Book of the Week #7:

Julius Caesar,

by William Shakespeare

“Now let it work. Mischief, thou art afoot. Take thou what course thou wilt.”
-Mark Antony

Now, as some of you might point out, this is an exceptional case, and for obvious reasons… But, you know, it is a “book”, right… And I have dabbled with drama as well, when I was younger, and not to brag, but I was always pretty good with the words…

And let us be fair, no reading list would be complete without the mention of William Shakespeare. In fact, a single mention might not suffice…

The first time I read Julius Caesar was when I was probably 11 years old, and we received a book that contained abridged versions of four of Shakespeare’s most popular works. And, quite obviously, I found it extremely underwhelming…

You see, what do you get, when you remove the drama from a drama? A multitude of weird characters, a bleak, dull plot, and the sudden appearances of witches and ghosts, that succeed in inspiring only meh and not awe…

It was only in 10th Grade, wherein we studied the first two scenes of its Third Act, that we first read Mark Antony’s speech… And yes, that does inspire awe…

Now, in general, the reliability of my memory is not comparable to, say, Brutus’ honour, for Brutus is an honourable man; but I did manage to memorise the entire speech…

And, being as I am, I did read the entire play soon after, and found it fairly impressive. Of course, I had already read Macbeth and Othello, by then, and I still love them more…

Now, the play is named Julius Caesar, and while he is perhaps the most important character, he only appears in three scenes… Well, apart from the times he appears as a ghost… Brutus, instead, has four times as many lines as he does, but that is excusable, for Brutus is an honourable man…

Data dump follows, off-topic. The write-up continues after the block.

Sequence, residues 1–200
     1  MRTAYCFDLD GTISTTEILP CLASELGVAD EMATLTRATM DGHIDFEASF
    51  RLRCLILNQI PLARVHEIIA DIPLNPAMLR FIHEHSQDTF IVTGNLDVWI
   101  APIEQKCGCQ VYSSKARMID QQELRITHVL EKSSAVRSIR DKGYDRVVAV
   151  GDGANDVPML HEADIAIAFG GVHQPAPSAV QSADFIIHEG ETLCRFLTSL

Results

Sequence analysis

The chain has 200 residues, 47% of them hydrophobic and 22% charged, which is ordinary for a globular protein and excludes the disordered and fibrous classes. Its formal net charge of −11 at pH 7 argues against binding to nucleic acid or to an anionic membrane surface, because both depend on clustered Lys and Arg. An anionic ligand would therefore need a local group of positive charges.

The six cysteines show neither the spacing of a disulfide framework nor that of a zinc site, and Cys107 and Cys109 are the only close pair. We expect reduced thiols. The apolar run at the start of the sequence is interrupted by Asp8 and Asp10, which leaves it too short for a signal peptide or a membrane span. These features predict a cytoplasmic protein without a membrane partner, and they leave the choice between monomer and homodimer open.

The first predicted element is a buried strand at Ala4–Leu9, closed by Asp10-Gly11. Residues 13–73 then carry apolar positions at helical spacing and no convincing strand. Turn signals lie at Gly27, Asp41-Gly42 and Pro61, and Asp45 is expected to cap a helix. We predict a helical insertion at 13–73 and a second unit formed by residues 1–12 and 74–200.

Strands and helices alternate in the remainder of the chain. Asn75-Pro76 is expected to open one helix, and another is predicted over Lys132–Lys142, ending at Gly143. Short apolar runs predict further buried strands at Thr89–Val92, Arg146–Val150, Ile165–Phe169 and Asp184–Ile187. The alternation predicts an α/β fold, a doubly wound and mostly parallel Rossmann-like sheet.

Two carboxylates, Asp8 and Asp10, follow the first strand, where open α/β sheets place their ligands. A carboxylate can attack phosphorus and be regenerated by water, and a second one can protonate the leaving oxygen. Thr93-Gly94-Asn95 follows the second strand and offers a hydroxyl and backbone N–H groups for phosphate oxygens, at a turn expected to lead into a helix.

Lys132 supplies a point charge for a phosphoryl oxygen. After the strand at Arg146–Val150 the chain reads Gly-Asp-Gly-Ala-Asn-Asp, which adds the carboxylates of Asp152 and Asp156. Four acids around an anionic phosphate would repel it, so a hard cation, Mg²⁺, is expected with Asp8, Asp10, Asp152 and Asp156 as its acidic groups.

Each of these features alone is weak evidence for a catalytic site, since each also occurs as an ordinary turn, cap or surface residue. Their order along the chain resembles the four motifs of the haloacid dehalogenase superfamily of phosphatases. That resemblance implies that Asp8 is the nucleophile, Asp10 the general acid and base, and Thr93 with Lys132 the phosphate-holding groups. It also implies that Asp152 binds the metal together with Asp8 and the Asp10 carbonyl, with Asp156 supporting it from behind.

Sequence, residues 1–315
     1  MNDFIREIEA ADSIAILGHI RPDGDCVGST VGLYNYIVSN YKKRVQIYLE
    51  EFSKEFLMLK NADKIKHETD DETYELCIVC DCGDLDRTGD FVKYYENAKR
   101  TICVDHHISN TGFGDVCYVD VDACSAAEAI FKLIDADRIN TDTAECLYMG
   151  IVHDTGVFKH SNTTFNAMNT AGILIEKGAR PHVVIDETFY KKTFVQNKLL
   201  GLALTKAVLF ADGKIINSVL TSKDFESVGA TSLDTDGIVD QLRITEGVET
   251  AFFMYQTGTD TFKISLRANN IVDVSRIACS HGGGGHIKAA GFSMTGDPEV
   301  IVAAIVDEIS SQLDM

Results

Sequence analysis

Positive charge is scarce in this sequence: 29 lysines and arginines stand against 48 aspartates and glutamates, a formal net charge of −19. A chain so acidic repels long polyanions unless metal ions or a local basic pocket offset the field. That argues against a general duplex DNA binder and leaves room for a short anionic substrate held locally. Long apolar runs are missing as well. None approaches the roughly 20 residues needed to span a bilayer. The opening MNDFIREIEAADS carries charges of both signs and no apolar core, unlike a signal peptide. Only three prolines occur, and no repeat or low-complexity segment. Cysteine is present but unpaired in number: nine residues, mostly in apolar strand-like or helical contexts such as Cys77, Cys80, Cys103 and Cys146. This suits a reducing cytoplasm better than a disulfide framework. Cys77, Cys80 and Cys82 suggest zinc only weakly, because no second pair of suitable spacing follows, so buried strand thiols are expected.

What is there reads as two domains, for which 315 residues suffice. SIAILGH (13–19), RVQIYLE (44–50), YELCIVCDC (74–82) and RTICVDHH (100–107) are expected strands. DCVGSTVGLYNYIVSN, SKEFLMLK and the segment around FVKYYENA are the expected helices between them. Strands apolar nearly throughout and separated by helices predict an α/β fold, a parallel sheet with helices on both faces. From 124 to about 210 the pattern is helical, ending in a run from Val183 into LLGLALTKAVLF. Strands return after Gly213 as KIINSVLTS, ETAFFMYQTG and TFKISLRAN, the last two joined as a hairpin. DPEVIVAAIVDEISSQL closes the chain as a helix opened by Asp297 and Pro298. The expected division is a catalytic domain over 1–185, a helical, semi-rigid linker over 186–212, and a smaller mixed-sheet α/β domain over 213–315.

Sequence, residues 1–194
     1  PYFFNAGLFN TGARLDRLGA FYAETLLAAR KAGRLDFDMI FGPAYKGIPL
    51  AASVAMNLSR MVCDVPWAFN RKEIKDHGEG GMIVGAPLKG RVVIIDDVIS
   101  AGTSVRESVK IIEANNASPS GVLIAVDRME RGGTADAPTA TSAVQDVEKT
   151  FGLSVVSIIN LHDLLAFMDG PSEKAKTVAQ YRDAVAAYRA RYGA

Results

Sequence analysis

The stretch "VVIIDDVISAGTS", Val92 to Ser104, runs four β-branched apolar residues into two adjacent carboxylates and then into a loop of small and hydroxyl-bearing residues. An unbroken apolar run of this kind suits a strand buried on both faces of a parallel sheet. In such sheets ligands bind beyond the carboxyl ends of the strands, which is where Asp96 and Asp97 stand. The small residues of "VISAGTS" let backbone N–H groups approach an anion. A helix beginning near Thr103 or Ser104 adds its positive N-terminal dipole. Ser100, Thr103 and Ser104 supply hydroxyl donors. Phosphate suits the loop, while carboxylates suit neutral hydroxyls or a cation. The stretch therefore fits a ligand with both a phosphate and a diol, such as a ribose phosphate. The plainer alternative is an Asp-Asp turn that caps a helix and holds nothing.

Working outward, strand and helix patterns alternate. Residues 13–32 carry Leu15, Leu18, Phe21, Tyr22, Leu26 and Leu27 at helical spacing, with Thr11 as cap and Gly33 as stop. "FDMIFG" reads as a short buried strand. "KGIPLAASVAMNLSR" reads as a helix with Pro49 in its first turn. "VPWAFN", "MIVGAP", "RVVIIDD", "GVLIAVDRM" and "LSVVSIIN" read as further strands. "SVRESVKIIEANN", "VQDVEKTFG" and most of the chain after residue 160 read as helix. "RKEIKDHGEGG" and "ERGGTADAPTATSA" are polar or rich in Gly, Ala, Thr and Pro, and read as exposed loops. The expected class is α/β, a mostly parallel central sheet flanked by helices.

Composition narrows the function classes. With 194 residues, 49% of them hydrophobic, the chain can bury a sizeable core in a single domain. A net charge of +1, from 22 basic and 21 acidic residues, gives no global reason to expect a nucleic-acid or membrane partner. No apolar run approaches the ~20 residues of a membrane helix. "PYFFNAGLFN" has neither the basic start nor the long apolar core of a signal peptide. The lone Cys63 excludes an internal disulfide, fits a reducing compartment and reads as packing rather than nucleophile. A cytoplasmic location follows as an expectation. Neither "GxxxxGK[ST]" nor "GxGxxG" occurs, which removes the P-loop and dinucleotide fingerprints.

But my favourite character was, without doubt, Mark Antony, the plain, blunt man who, with his subtle and sly rhetoric, roused the common men into rioting against Brutus, Cassius, et al.

Sadly, Antony’s triumphs are short-lived, as his story continues, and concludes, in Antony and Cleopatra…

Now, to whom would I recommend this book? Well, it is probably a must-read for all students of the English language, and also for those of history and politics, among other things…

You can read it here

Well, that is all for today…

Thank you…


It is worth mentioning that this speech had eventually fallen to the back of my mind, till this video shared on Facebook a friend and fellow blogger dragged it into the forefront…

Now, I wonder if they asked Damian Lewis to perform this very piece, or if he chose his personal favourite, but this just seems perfect! I didn’t even know he is British!

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Published by

Yashas Mahajan

Author of Arrkaya: Origins, now available online... Increasingly being referred to as The Writer Guy...

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